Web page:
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Google's 5G-capable Pixel 5 is already suffering from an embarrassing flaw

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Google's 5G-capable Pixel 5 is already suffering from an embarrassing flaw
Well, that didn't take long. It was only a few days ago that Google and its authorized US retail partners started shipping the Pixel 5 after taking pre-orders for the 5G-enabled handset since September 30, and reports of a possible hardware defect are already spreading like wildfire on both the search giant's official support webpages and the third-party XDA Forum.

Unlike some of the earliest issues experienced by owners of previous Pixel generations in past years, this mysterious flaw doesn't appear to impact the hot new phone's functionality in any way... at least for the time being.


The main concern is the problem could get worse down the line, potentially invalidating the Pixel 5's water resistance... and more. But perhaps most of all, it's simply not a good look for a device priced at $699 to show such obvious vulnerabilities straight off the bat.

Did Google make one too many engineering compromises?

It's no big secret that Big G controversially decided to cut a few corners after four Pixel editions that failed to connect with a large audience, settling among others for an upper mid-range Snapdragon 765 processor under the hood of the Pixel 5 5G instead of going with a state-of-the-art Snapdragon 865 SoC.

Incredibly enough, Google managed to reduce the $799 starting price of the 4G LTE-only 5.7-inch Pixel 4 by 100 bucks for a 6-inch Pixel 5 with 5G speeds while increasing the battery capacity from 2,800 to 4,080mAh. We can't help but wonder now if perhaps the company cut one too many corners in order to keep the price point so low by replacing the Pixel 4's glass back with aluminum.

That's not necessarily a downgrade, but in lack of an official explanation, we're left scratching our heads and trying to come up with possible reasons why so many early Pixel 5 adopters are noticing gaps between the screen and aluminum frame. We're not talking huge rifts here, but the very fact you can see the problem without much difficulty in photographs taken by affected users suggests this is not something you should ignore.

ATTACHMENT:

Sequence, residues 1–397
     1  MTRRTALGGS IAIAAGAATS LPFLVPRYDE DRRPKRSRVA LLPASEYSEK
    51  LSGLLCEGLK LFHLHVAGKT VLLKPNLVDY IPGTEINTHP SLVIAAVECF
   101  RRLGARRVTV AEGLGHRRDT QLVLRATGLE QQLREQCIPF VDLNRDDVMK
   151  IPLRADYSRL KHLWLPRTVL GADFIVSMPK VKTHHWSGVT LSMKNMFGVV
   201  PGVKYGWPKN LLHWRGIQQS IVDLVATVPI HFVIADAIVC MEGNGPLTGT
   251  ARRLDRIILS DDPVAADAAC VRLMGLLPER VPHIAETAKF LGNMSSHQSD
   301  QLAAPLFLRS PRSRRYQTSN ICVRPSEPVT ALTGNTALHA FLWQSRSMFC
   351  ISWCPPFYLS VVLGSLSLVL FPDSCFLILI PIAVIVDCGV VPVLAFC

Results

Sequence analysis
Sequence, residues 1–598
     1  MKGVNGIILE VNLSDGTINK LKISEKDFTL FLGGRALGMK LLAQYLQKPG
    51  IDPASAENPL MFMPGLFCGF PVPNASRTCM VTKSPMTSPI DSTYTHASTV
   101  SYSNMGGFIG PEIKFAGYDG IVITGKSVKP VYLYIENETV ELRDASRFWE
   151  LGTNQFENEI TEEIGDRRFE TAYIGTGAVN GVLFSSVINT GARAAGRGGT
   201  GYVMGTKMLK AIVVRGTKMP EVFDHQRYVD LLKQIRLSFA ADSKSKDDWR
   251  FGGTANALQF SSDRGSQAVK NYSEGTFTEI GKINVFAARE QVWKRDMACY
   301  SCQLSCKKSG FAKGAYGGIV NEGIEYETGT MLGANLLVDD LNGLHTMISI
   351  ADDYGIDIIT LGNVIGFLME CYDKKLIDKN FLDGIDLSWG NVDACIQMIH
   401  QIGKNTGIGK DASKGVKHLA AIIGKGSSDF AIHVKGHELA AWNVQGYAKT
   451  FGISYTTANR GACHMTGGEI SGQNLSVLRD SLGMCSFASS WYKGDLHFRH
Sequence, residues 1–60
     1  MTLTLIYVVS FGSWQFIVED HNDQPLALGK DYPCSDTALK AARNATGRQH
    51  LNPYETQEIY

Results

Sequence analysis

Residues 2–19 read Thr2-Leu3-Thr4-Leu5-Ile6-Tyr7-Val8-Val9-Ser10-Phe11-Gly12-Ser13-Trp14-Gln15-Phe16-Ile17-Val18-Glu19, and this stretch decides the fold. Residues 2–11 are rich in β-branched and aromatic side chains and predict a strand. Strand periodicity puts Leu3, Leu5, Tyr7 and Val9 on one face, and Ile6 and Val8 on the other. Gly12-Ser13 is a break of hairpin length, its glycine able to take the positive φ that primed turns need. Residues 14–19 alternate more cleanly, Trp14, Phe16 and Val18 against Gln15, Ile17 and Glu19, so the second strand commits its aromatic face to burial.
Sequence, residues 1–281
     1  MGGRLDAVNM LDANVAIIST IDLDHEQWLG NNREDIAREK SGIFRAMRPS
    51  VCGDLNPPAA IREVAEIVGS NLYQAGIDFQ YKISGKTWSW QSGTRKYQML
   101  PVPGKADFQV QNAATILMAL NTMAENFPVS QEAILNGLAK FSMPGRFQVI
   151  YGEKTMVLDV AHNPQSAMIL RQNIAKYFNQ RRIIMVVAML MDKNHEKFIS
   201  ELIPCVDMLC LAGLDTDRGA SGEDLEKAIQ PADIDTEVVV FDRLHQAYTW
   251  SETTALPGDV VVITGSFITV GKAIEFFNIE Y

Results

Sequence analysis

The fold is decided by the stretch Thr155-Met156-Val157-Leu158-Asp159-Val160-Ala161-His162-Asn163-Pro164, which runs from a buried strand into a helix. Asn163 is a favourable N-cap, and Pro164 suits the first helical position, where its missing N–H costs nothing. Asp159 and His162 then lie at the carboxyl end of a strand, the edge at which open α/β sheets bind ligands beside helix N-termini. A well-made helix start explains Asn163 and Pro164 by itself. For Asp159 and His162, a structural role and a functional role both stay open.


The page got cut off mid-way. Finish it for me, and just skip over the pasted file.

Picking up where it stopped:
Unfortunately, most people claim their Pixel 5 5G units looked like this right out of the box, and one particularly unlucky user says he quickly returned his original device only to discover the replacement presented the exact same defect. That's unlucky because clearly not all Pixel 5s in circulation come with such a gap, although the number is definitely growing at a troubling pace.

What could happen in the long run if the issue goes unresolved?

Put simply, it might be better not to find out. After all, the possibilities are virtually endless, and frankly, we don't even want to think about some of the worst case scenarios that may have already crossed the minds of early Pixel 5 owners faced with a tough choice. 

Should you give up on the phone altogether and ask for a refund? Maybe not yet. But it's certainly not wise to overlook the problem and hope it will magically go away. That's obviously not going to happen, so the best you can hope for is that it won't get worse.

Clearly, Google needs to come forward with an explanation and a clarification on whether or not all affected users should seek a replacement. If the best course of action is not to do that, the company also has to reassure everyone that the problem does not impact the phone's IP68 water and dust resistance whatsoever.

Speaking of dust, a number of people want to know if they should fear the collection of foreign elements in the noticeable gap between the screen and frame, and whether dust or debris could eventually damage the 6-inch OLED display. In other words, there are many questions Google needs to answer before we can put this matter to rest and before we can conclude it's safe (and smart) to buy the 5G-capable Pixel 5 again.

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